Tuesday, November 16, 2010

Patina's by MissFickleMedia

Yesterday was my play day with my new patina's from MissFickleMedia.  I have been looking forward to this all weekend long.  That was part of our explanation when we were showing customers how we do Viking Knit at our show this past weekend.

Mom and I went to Walmart for some supplies - paper towel, gloves, mask, funnel...Once I got home I set up the studio while mom finished up the Viking Knit we were going to use to make bracelet's and earrings.  I set up the patina on the table that has our torches, the only spot big enough to do anything and where I felt comfortable using the torch on the Viking Knit.  As you can see it was like a mad scientist's work station - this was so much fun!  Well, except when I melted two end caps because I wasn't paying attention.
My Mistakes
It took a few mistakes to finally figure out what I was doing wrong.  I was heating up the Viking Knit to long before I put it in the patina.  The second Viking Knit down you can see where I crimped the metal in the middle.  I finally figured out I need to hold the ends, but sometimes that is hard.  Oh well, I do really like the bottom Peacock Blue (Utopia) Viking Knit. 
 The bottom picture, end caps and toggle clasp, were dipped in the Violet and then the Peacock Blue patina.  The findings have a dark blue look.  That is the same with the Viking Knit - the second Viking Knit from the bottom - was dipped in the Violet and then the Peacock Blue to give it a dark blue look.  We will see what happens after I have sand the findings and Viking Knit and then spay them with sealant.
Saffron - will be earrings

I think I did better on the Viking Knit and End Caps for the Saffron and Paprika patina.  I had better coverage overall and I worked better with the Viking Knit and findings - had more practice before I worked with these colors.
Saffron & Paprika Patina
Top Viking Knit - Saffron and Paprika Patina

I also played by dipping of Viking Knit in two patina's.  I dipped one of the Viking Knit bracelets in the Paprika and then the Saffron patina.  I think the colors turned out wonderful, but I won't know until I sand the bracelet and then seal it.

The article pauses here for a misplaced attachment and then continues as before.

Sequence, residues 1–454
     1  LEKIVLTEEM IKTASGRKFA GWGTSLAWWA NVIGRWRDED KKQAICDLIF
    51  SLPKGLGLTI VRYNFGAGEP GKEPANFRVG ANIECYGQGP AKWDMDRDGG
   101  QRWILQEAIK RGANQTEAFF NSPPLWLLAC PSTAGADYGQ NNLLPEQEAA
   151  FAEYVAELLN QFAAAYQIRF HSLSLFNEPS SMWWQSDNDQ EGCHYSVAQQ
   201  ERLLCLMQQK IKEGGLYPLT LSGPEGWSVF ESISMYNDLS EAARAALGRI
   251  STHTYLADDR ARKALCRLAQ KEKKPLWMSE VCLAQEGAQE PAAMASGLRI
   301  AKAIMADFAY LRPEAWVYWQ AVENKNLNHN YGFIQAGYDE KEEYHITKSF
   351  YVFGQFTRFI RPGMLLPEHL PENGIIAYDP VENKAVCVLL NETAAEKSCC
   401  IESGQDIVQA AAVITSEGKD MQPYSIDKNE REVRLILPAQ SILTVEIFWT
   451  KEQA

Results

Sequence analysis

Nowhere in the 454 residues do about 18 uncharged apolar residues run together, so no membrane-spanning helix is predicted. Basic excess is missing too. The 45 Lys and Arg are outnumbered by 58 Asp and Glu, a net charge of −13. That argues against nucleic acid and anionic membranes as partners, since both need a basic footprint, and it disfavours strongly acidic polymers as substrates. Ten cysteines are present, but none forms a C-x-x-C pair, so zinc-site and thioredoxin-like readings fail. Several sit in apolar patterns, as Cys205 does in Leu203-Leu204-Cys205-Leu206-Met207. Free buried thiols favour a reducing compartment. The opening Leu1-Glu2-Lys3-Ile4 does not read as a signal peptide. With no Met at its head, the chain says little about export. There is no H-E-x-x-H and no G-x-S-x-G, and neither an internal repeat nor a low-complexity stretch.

I played with another color of patina, but this was a cold application - I didn't have to heat up the metal to apply the patina.  I dipped the Viking Knit and wire into the patina and I am letting it set overnight in a baggie.  When I get off work tonight I will stop at mom's house and see how the Viking Knit turned out.  Like I said, I feel like a mad scientist at work - so much fun!

I will take photographs of the finished pieces when we get them made up into bracelets and earrings.  Stay tuned!


  1. I'll bet you look like a mad scientist too! I love Shannon's patinas ... especially the Saffon and the Russet. I have some new ones that just came in that I'm looking forward to working with. Your viking knit pieces look awesome with the patinas.

  2. What fun! I love watching the discovery process and I think you are definitely on the right track. I can't wait to see them sanded and sealed.

    Nice Viking Knit work, too!


  3. There is nothing on the market that competes with this technique right now; skilled execution of the viking knit with authentic patinas.

    I am very excited for the direction you are moving towards with this. Try to think like a painter in that dark colors like the peacock blue and violet will not contrast well, layer these colors on top of white or brown or even black to bring out depth and contrast. this is especially crucial when working with something as texturally rich as this detailed knit. You want to enhance the space the between the weaving's not just coat them in color.

    (Sorry this is a really long comment, I just got excited for your wonderful craftsmanship!!!)

  4. This is fascinating - thanks for posting about it. I am looking forward to seeing the finished product.

  5. Oh wow - that looks like FUN! What metal are you using, copper or silver?


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